remain to be addressed. To the public, it appears that the commission is playing a game

of regulatory whack-a-mole with the companies it oversees, knocking down one breach

of the rules only to see two more pop up in short order.5

 

Canadians are expecting real changes as the CRTC conducts three momentous hearings: one examining the broadcasting system, one looking into mobile wireless, and the last focusing on the structure of the market for wired telecommunication services. Although we recognize that the CRTC is actively engaged in virtually every facet of Canada’s communications systems, the outcome of these three proceedings 6 will by and large determine the overarching dynamic between the regulator and industry, and the communication services that Canadians will have access to for the foreseeable future.

 

The gravity of these proceedings can hardly be overstated.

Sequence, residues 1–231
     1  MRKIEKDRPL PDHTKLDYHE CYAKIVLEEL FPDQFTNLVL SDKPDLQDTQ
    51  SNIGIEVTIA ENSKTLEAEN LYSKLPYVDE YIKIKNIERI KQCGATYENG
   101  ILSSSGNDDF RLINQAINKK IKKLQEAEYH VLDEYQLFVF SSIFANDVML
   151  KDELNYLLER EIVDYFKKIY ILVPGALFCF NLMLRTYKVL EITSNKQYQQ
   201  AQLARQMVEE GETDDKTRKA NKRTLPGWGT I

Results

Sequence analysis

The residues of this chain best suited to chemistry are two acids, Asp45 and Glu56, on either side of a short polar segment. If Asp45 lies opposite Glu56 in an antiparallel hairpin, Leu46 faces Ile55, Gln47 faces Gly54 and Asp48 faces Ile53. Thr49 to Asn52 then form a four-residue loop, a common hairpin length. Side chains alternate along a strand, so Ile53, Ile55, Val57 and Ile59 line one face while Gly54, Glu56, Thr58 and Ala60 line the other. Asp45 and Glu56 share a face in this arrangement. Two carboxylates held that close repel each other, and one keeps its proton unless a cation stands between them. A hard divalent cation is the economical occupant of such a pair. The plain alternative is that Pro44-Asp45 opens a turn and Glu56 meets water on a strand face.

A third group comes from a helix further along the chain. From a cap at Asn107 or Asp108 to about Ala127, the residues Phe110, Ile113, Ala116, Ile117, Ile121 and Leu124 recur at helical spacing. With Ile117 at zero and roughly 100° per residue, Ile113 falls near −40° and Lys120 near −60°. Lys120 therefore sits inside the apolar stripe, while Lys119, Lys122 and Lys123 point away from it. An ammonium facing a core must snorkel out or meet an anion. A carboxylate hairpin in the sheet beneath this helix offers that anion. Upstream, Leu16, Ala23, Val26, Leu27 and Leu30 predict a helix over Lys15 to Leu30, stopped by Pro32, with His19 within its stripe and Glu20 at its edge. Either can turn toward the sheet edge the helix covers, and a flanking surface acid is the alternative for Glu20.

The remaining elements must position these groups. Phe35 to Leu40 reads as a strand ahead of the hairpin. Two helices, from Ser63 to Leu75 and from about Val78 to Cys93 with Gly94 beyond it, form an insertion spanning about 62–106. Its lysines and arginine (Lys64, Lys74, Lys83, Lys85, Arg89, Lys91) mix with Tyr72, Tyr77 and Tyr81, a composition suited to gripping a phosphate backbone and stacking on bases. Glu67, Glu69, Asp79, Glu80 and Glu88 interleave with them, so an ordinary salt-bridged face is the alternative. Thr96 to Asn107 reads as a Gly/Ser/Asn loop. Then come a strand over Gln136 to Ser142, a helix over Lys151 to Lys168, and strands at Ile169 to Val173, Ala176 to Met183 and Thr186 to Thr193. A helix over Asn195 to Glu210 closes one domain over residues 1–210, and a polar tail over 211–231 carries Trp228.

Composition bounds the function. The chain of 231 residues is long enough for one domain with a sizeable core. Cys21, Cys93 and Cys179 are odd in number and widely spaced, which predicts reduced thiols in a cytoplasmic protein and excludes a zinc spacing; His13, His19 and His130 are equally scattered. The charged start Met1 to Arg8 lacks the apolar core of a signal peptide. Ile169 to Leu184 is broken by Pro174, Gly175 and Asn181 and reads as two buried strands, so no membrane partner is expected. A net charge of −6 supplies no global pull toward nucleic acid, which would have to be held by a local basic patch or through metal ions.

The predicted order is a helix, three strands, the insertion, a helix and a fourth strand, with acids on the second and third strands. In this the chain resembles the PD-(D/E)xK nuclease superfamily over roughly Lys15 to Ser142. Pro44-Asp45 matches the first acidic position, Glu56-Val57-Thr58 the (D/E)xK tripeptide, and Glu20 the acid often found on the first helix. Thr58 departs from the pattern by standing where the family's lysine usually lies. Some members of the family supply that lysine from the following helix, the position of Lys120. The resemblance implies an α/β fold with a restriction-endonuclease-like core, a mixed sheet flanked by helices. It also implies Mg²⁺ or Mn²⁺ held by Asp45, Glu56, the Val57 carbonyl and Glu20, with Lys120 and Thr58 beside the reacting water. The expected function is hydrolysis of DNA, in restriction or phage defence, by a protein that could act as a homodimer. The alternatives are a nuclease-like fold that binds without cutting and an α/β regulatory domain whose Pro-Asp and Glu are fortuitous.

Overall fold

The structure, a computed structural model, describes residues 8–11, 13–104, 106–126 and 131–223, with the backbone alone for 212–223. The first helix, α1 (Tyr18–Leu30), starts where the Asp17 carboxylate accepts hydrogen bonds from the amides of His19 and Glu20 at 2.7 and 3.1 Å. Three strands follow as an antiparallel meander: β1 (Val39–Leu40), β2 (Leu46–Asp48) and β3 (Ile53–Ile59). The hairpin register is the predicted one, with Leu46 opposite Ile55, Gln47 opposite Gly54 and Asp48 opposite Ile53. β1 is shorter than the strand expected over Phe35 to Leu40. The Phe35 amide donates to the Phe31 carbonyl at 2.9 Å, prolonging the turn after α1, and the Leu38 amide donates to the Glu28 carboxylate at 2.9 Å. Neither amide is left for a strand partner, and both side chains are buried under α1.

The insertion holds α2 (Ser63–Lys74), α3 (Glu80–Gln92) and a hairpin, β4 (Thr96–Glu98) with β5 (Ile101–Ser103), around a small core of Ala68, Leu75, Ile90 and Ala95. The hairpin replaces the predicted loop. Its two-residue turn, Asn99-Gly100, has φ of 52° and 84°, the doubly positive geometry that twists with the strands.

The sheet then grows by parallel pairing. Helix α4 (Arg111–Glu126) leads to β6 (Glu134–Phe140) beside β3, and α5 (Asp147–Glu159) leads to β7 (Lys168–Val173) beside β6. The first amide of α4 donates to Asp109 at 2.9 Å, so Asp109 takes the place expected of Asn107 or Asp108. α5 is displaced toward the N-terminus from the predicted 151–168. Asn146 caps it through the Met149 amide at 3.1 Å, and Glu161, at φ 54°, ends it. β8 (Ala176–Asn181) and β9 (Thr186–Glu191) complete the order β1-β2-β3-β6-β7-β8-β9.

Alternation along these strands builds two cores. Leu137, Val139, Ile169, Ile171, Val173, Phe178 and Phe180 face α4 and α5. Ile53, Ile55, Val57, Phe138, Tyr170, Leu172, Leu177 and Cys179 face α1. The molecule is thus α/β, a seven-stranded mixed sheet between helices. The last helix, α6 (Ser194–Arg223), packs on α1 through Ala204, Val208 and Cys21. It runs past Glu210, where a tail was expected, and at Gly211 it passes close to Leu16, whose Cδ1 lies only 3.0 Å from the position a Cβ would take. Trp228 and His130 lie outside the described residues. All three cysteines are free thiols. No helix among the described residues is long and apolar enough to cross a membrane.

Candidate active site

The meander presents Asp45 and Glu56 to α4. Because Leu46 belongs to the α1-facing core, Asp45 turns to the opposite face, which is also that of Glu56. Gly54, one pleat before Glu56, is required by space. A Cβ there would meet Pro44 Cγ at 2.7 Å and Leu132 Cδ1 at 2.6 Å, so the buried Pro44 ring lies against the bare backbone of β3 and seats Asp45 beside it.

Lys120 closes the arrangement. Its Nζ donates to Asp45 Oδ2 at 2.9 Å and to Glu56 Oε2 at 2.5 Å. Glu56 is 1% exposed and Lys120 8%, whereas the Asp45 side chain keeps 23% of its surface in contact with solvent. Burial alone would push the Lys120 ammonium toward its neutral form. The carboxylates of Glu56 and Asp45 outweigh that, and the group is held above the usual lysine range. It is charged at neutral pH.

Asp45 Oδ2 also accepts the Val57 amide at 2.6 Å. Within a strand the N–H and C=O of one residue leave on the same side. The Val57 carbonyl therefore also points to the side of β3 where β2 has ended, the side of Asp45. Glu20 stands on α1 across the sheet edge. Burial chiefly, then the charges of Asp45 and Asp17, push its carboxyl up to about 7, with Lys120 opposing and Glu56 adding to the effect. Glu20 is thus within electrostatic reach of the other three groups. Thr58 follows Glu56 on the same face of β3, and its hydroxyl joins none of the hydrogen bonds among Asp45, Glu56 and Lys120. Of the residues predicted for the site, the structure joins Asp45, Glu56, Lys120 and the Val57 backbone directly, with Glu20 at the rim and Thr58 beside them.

While it’s certainly true that the technologies we use and the ways in which we use them

have changed dramatically over the years, one thing that has remained remarkably

constant is the importance Canadians place on our communications systems. It is not

only crucial to recognize the central role that communications play in our lives, but also

to ensure that the often underrepresented interests of Canadian individuals, families,

businesses, and public services are at the forefront of the commission’s deliberations as

it strikes out a path of development for the 21st century.

 

Mr. Blais, it is heartening to see the premium you place on these important concerns,

and on the need for intelligent, evidence-based decision making. However, we are

concerned with a number of obstacles that are standing in the way of progress. Of these

there are chiefly two: the disproportionate power wielded by the incumbent facilities owners,

and the conspicuous absence of clear, responsible leadership and support from our elected

representatives.

 

Oligopoly control of telecommunications

 

One of the main challenges facing the public is that, unlike other core infrastructure,